Post WWII Surface Warships II

Interestingly, perhaps the greatest changes in surface warship design came about because of Soviet developments in naval weaponry. Lacking the resources to build aircraft carriers during the Cold War’s early years, the Soviet Union focused on developing long-range antiship missiles (ASMs) as well as SAMs for its ships. Thus, the Soviets introduced the world’s first operational guided surface-launched antiship missile (SASM) into service aboard the destroyer Bedoviy in 1961. The North Atlantic Treaty Organization (NATO) designated the ship as a Kilden-class DDG (guided missile destroyer). Its P-1 Strela Shchuka-A (NATO designation, SS-N-1 Scrubber) cruise missile with a nuclear warhead had …

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Royal Navy – Cold War

Royal Navy – Cold War

The United Kingdom’s Royal Navy (RN) was gradually streamlined and downsized during the Cold War, shifting its strategic capability from that of a surface fleet to one that primarily employed submarines and antisubmarine warfare. In 1945 Britain still maintained naval bases around the world. Its domestic fleet bases were located at Portsmouth, Devonport, and Chatham. There was also a dockyard at Rosyth in Scotland. Overseas bases were situated in Malta; Ceylon; (Trincomalee); Singapore; and Simonstown, South Africa (near Capetown), with Gibraltar and Bermuda serving as dockyards. In 1954, the navy had more than 600 vessels and a regular force strength of 117,700. By 1991, its active-duty force had been downsized to 60,000. During 1950-1990 there were major reductions in the number of aircraft carriers (from 12 to 3), cruisers (from 29 to 0), destroyers/frigates (from 280 to 51), and conventional submarines (from 66 to 9).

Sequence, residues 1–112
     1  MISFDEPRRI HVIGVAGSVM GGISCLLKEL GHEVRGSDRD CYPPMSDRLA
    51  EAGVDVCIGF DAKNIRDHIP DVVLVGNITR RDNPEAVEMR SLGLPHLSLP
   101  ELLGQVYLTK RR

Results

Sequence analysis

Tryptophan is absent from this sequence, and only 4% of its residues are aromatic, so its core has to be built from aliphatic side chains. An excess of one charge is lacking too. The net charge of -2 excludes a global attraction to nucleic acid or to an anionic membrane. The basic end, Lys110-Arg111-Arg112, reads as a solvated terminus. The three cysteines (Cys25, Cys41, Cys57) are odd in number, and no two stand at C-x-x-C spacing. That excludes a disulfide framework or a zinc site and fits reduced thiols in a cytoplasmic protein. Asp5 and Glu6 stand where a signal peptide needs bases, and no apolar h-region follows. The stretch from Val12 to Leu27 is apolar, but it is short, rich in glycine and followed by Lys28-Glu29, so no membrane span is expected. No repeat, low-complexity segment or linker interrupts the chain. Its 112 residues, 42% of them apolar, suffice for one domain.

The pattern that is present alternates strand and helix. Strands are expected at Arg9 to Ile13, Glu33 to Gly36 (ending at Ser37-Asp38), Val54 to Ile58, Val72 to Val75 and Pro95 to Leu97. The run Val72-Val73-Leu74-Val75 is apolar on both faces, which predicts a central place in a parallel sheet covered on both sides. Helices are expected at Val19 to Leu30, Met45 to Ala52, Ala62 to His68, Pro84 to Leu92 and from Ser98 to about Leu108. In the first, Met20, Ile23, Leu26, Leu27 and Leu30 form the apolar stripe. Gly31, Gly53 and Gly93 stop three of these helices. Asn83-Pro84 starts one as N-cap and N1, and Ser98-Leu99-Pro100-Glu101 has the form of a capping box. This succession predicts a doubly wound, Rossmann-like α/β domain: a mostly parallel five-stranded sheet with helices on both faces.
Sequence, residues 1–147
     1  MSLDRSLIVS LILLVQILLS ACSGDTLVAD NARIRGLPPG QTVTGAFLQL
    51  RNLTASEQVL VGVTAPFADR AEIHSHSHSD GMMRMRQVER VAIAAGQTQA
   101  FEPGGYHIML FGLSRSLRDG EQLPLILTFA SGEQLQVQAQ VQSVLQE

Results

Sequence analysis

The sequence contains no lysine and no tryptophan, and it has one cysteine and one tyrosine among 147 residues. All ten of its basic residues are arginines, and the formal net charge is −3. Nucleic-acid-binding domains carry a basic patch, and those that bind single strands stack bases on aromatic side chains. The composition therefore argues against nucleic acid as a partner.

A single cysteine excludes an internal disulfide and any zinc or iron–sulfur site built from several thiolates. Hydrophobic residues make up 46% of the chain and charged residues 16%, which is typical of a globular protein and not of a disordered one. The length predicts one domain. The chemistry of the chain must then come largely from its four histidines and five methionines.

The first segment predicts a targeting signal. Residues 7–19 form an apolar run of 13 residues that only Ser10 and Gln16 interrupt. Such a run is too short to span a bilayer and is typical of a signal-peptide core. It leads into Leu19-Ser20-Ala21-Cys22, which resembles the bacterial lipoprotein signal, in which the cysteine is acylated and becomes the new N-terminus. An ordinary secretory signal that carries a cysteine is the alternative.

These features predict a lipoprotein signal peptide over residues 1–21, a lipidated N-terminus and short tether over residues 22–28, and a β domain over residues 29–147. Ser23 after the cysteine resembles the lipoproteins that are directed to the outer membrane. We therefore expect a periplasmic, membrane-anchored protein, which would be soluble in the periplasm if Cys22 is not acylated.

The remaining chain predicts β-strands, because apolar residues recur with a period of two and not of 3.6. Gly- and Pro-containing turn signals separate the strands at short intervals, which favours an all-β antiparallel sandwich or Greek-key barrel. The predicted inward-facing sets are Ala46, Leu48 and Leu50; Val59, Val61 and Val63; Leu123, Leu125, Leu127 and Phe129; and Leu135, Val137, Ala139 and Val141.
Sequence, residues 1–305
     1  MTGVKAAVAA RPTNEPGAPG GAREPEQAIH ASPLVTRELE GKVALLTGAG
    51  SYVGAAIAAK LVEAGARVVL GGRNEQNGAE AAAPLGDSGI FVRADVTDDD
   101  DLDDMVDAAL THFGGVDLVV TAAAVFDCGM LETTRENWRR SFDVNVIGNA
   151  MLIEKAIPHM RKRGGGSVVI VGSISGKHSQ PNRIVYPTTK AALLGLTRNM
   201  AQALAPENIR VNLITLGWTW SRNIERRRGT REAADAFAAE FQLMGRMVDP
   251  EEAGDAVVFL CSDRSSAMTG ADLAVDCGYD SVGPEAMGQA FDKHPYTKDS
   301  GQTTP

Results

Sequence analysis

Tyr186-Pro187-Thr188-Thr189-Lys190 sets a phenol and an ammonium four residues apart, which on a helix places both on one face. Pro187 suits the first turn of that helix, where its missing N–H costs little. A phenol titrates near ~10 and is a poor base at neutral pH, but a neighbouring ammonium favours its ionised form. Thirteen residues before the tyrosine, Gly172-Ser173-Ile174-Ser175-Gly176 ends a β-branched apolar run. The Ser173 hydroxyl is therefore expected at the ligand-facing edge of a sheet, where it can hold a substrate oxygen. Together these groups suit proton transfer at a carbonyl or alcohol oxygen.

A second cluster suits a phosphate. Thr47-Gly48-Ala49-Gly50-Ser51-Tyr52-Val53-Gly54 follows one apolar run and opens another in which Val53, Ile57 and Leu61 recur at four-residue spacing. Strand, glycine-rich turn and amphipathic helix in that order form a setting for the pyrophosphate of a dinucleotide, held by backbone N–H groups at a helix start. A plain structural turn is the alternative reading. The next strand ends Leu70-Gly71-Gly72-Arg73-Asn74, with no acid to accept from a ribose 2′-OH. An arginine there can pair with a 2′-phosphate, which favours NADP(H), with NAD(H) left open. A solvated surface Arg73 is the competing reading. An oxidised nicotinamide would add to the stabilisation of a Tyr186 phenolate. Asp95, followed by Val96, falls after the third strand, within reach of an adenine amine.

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The War at Sea, 1701-1714

The Battle of Malaga by Isaac Sailmaker. Oil on canvas, 1704.
The Battle of Malaga by Isaac Sailmaker. Oil on canvas, 1704.

Less than a week after the Capture of Gibraltar, Admiral George Rooke received intelligence that a French fleet under the command of Toulouse and d’Estrées was approaching Gibraltar. Leaving half his marines to defend the newly won prize, Rooke immediately set off with his combined Anglo-Dutch fleet to engage the French.

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